Tuesday, November 29, 2011

An Observation

Looking back over the past eleven years and the events that have comprised the news during that time, I have come to the following conclusion:

The cream doesn't rise to the top anymore.
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Wednesday, November 23, 2011

Vachel Lindsay and Johnny Appleseed

For me, Thanksgiving has become a day to give thanks for what we used to have.

The Apple-Barrel of Johnny Appleseed
   by Vachel Lindsay (1879-1931)

On the mountain peak, called 'Going-To-The-Sun,'
I saw gray Johnny Appleseed at prayer
Just as the sunset made the old earth fair,
Then darkness came;  in an instant, like great smoke,
The sun fell down as though its great hoops broke
And dark rich apples, poured from the dim flame
Where the sun set, came rolling toward the peak,
A storm of fruit, a mighty cider-reek,
The perfume of the orchards of the world,
From apple-shadows:  red and russet domes
That turned to clouds of glory and strange homes
Above the mountain tops for cloud-born souls: --
Reproofs for men who build the world like moles,
Models for men, if they would build the world
As Johnny Appleseed would have it done -
Praying, and reading the books of Swedenborg
On the mountain top called 'Going-To-The-Sun.'
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Sunday, November 20, 2011

The Hungry Years

I began my adult working life as a construction laborer.   Over a span of several years I did many different tasks, some challenging, some not so.   Whenever my work ethic got me promoted to foreman, I still worked, instead of standing around looking boss-like.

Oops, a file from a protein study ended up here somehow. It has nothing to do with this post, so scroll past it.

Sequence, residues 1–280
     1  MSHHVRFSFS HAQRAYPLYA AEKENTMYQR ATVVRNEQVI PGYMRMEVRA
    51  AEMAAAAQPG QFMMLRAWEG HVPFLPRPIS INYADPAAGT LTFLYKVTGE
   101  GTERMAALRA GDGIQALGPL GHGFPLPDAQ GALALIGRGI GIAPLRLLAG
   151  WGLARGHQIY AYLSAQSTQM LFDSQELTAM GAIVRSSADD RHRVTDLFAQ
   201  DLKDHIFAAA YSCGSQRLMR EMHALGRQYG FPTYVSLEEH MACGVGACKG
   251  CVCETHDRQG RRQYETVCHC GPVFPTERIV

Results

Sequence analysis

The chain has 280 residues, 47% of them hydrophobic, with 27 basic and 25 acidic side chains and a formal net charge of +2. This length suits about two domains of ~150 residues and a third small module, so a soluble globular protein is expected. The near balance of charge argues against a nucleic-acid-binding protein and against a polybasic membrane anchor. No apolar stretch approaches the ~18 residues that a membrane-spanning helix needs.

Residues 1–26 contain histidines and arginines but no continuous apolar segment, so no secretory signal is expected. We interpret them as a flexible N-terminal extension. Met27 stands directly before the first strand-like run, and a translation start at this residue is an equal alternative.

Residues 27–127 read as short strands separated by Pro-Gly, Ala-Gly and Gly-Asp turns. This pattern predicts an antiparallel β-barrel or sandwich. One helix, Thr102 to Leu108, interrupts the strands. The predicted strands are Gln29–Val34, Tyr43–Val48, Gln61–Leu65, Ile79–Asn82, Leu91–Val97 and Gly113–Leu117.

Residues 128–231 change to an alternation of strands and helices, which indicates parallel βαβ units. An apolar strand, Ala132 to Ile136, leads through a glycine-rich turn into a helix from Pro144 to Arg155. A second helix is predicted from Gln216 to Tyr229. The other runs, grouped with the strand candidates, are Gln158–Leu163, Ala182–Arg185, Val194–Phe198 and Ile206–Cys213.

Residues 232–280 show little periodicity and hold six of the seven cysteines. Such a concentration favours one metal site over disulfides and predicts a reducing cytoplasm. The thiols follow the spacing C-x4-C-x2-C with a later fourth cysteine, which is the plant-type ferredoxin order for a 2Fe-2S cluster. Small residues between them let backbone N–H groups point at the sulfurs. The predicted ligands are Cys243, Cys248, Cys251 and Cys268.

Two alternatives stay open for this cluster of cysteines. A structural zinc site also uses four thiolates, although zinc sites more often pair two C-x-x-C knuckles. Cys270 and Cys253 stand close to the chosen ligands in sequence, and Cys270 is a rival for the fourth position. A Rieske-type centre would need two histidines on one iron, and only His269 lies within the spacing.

I enjoyed being outdoors.  I enjoyed using my muscles, my body.  I loved acquiring new skills, such as dynamiting rock ledges, rock drilling, welding, operating machinery, etc.
 In the summer of 1964, I supervised the installation of a chair lift at a local ski area.  I borrowed a transit from an engineer I knew.  From a friend  I borrowed a book  on navigation by Bowditch and, using the trig tables in that book, I set the towers in a perfect true line and at the right elevation.
Somewhere in there I got married and a son was born.  There wasn't lots of money.  We had a six year old Ford Fairlane.  We rented for a time, then purchased a small  house using two mortgages.  The furnace was the old style gravity air unit with a large grille in the living room floor as the only source of heat.
There are more tales to tell, but  I am trying to say that, like most people, I left work I loved in order  to "do better."   Taking office work in the field of construction, I wore a suit and tie.  Again I did well, and, in time, was offered the vice-presidency.  I took it.  Big mistake.  Life was never the same.  Having  made a committment, I  gave the job my best.  But I became sealed off forever from turning back, even in my imagination.